REFinBlog

Editor: David Reiss
Brooklyn Law School

December 7, 2015

Equitable Subrogation in Mortgage Refinancing

By David Reiss

Freyermuth-Wilson1

Professor Freyermuth

I am speaking on Equitable Subrogation in Mortgage Refinancing and Land Purchase Transactions in an ABA Professor’s Corner webinar on Wednesday with Professor Wilson Freyermuth of the University of Missouri School of Law. If this sounds like an esoteric topic, it is!

Subrogation refers to the substitution of one party for another and equitable subrogation refers to the doctrine where a court may use its equitable powers to find an implied assignment of a mortgage in order to avoid the unjust enrichment of a party. Since the commencement of the foreclosure crisis, this doctrine has been put to the test. Wilson and I will take a look at some of the recent cases that do the testing. More info about the webinar is below:

Professors’ Corner

FREE monthly webinar featuring a panel of law professors, addressing topics of interest to practitioners of real estate and trusts/estates. All are welcome and encouraged to register and participate.

Wednesday, December 9, 2015

12:30 p.m. Eastern/11:30 a.m. Central/9:30 a.m. Pacific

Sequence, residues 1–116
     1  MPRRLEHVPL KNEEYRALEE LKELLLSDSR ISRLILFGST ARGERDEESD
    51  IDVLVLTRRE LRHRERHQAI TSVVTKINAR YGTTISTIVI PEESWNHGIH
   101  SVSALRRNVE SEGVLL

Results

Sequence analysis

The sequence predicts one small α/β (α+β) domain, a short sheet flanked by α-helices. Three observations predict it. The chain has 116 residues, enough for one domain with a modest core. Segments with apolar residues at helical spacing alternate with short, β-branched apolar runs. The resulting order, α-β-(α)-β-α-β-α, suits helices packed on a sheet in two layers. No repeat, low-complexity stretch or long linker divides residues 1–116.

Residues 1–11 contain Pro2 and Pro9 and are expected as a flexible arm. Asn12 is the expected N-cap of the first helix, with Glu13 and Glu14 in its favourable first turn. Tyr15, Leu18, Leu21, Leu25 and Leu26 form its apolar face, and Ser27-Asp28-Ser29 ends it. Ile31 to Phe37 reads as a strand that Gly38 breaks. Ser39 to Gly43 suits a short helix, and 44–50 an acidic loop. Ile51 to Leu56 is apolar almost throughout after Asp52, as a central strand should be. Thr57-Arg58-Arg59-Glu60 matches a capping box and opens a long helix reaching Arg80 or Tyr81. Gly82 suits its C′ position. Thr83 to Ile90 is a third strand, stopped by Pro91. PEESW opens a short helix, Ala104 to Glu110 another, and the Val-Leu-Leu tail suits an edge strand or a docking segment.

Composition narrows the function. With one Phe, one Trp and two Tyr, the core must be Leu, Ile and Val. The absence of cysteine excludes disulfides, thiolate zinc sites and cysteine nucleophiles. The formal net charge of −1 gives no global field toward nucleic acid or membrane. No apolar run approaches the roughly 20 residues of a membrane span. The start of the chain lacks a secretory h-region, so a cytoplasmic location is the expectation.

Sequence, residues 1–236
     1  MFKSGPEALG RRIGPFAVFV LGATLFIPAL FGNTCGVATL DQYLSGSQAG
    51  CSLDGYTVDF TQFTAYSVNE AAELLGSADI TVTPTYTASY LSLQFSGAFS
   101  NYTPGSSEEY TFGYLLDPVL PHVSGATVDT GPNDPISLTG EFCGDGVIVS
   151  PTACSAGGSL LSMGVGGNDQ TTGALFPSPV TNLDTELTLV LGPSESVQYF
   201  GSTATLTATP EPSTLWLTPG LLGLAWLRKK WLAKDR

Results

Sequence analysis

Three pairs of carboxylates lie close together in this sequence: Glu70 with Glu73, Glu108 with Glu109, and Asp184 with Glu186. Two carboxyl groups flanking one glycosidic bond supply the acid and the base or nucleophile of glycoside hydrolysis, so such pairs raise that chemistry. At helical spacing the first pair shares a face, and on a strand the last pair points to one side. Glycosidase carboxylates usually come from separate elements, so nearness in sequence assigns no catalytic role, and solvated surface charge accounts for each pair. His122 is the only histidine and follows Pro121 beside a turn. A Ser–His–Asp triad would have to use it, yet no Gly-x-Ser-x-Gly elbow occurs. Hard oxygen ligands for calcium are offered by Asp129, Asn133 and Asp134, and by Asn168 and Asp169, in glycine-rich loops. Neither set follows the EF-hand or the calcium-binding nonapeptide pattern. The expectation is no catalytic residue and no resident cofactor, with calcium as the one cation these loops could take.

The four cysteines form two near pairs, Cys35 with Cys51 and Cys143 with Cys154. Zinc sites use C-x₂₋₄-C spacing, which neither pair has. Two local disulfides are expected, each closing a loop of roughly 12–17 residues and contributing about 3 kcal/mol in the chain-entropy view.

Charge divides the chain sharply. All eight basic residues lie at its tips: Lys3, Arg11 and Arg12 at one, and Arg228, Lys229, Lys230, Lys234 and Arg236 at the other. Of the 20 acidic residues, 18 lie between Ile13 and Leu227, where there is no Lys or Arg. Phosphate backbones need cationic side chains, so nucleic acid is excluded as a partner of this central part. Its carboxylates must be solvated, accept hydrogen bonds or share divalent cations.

Equitable Subrogation in Mortgage Refinancing and Land Purchase Transactions

Speakers:  

David Reiss, Brooklyn Law School

Wilson Freyermuth, University of Missouri School of Law

When a lender makes a mortgage loan to refinance an existing first mortgage, the lender typically expects its refinancing loan to have first priority.  If there is an intervening lien on the mortgaged property, however, a priority dispute may result in which the intervening lienholder argues that the recording statutes give it priority over the refinancing lender’s mortgage lien.

In this situation, the principle of equitable subrogation may apply to allow the refinancing lender to be subrogated to the priority of the paid-off mortgage so as to obtain priority over the intervening lien.  The Restatement (Third) of Property: Mortgages (1997) embraced the liberal application of equitable subrogation in this context.  While many courts have embraced the Restatement approach, not all courts have embraced the Restatement approach (including a recent Delaware Supreme Court decision rejecting the application of equitable subrogation in the refinancing context).

Our speakers will discuss a series of recent decisions (all decided in the 2015 calendar year) addressing the extent to which equitable subrogation is (or should be) available in the mortgage refinancing and land purchase context.

Register for this FREE webinar at http://ambar.org/ProfessorsCorner.

Sponsored by the ABA Real Property, Trust and Estate Law Section, Legal Education and Uniform Laws Group.

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